Avoiding the winter blahhs
Despite the joy and fun times throughout the holidays, you always have to be careful of getting sick amid the hustle and bustle. Especially affecting young children and the elderly is pertussis, or “whooping cough,” as described by it’s long lasting spasmodic sound.
“Cases have gone up in Northern Kentucky, Butler County, and Hamilton County,” Kings HIgh School nurse Eva Garchar said.
Kings requires all students going into the 7th grade to receive a booster shot to prevent them from contracting pertussis, since their older shot will have worn off, Garcher said. These shots last ten years and reduce the odds of getting the cough significantly.
Though there haven’t been any cases reported in the district yet, parents with infants and young children should be aware. Infants are the biggest target for whooping cough and it may be fatal if not treated.
“It’s recommended that women in their third trimester to get a booster shot so the baby can have some immunity to it until they can get their own,” Garchar explained.
According the the Center for Disease Control, early symptoms include a runny nose, low-grade fever, occasional coughing, and apnea (a pause in breathing) for infants. As the disease runs its course symptoms worsen into severe fits of coughing with a whooping sound at the end for infants, and vomiting and exhaustion after those fits. Recovery is gradual and coughing lessons, but fits may still occur. Overall, pertussis lasts about 12 weeks.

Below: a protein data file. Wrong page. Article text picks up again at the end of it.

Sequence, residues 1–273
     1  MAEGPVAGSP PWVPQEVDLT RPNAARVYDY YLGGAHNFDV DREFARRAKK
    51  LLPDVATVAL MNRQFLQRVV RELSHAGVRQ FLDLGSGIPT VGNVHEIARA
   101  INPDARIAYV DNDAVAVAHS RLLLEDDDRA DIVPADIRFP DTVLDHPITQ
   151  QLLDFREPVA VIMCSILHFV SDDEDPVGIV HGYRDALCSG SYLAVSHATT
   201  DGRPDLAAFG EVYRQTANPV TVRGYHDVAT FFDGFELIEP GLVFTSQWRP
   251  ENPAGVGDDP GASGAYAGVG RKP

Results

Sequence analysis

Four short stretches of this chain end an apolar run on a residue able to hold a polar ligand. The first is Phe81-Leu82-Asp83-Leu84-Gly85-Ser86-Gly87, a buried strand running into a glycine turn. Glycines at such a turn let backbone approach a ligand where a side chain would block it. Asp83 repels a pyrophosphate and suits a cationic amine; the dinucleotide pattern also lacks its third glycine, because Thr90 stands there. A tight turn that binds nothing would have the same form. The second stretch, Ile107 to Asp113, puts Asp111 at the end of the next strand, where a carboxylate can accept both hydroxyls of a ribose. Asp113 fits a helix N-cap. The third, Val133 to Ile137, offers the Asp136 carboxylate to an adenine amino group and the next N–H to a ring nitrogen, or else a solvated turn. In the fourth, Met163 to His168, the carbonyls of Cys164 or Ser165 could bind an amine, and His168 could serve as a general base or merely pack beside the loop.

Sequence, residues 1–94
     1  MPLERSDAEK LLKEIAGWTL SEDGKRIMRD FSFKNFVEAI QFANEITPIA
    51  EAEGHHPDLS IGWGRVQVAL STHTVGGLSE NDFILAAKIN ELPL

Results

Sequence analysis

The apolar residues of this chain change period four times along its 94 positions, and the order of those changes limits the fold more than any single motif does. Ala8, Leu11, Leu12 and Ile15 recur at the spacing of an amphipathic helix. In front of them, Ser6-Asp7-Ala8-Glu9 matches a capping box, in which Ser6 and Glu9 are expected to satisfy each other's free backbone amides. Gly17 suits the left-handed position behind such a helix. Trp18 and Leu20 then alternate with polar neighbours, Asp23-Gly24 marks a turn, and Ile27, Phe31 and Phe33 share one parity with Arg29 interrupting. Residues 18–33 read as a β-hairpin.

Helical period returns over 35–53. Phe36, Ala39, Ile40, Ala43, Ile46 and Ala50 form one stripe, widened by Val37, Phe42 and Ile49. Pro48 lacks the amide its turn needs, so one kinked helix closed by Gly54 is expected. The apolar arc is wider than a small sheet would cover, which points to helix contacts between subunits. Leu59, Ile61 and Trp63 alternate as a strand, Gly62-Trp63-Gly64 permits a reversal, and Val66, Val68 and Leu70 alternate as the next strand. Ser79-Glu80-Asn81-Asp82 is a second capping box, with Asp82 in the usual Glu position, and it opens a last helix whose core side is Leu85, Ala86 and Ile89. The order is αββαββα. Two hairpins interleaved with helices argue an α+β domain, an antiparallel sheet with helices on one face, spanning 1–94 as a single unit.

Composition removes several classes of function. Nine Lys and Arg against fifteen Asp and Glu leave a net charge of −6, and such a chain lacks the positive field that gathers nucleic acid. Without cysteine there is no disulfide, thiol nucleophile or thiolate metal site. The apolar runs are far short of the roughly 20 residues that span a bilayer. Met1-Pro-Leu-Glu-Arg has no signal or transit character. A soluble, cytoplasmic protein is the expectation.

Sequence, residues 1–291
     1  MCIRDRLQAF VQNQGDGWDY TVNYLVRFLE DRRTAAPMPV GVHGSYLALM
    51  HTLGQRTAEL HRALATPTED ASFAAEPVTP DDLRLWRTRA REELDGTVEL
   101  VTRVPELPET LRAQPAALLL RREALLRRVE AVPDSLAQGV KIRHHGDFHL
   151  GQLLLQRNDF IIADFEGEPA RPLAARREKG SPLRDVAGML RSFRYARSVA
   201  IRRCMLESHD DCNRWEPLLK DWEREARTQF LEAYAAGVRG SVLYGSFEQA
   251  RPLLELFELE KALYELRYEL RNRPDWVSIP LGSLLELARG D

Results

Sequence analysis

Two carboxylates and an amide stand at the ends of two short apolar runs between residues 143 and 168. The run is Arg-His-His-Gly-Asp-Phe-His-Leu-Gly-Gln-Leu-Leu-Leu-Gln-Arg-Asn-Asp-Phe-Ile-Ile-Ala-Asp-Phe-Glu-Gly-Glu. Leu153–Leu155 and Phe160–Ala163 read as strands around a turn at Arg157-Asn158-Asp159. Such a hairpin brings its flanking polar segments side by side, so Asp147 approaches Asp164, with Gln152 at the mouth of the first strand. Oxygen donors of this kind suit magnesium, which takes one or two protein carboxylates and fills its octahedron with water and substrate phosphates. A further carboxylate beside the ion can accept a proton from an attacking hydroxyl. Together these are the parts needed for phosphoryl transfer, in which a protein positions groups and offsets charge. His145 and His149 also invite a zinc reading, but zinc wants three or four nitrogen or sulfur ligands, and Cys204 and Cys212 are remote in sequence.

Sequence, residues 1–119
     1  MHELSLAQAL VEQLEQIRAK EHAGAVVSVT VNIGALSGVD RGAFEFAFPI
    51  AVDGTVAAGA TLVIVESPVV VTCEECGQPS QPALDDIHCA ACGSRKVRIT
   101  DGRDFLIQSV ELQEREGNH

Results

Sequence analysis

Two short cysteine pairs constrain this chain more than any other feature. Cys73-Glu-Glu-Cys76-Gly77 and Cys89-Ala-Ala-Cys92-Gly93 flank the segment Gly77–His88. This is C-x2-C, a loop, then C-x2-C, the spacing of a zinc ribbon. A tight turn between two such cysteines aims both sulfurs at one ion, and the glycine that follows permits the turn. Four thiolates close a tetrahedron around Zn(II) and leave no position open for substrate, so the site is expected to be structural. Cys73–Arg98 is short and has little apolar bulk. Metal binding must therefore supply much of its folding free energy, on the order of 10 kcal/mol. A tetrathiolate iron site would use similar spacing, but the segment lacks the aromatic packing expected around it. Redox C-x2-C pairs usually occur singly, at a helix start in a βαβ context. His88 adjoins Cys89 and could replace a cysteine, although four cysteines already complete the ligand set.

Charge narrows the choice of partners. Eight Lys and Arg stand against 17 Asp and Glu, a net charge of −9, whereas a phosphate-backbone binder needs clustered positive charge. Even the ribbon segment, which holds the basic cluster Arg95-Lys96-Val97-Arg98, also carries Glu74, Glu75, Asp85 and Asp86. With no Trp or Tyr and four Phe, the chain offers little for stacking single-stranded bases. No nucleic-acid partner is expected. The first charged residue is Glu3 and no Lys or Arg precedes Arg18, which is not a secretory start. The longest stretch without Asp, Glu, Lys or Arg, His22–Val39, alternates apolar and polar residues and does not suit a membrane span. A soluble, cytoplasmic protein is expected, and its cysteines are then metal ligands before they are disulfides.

“By taking antibiotics for about a week pertussis can easily be treated if you catch it early enough” Garchar says.
There also haven’t been many cases of the flu yet, and it’s not too late to get a flu shot this year. You can find these shots available at CVS, Walgreens, the Little Clinic in Kroger, and many other places for around 30 dollars.
“The shot prevents the top three or four strains of flu that doctors predict that will be the most likely to affect us,” Garchar says
The flu can be prevented by getting a flu shot and of course washing your hands and covering your mouth when you sneeze or cough.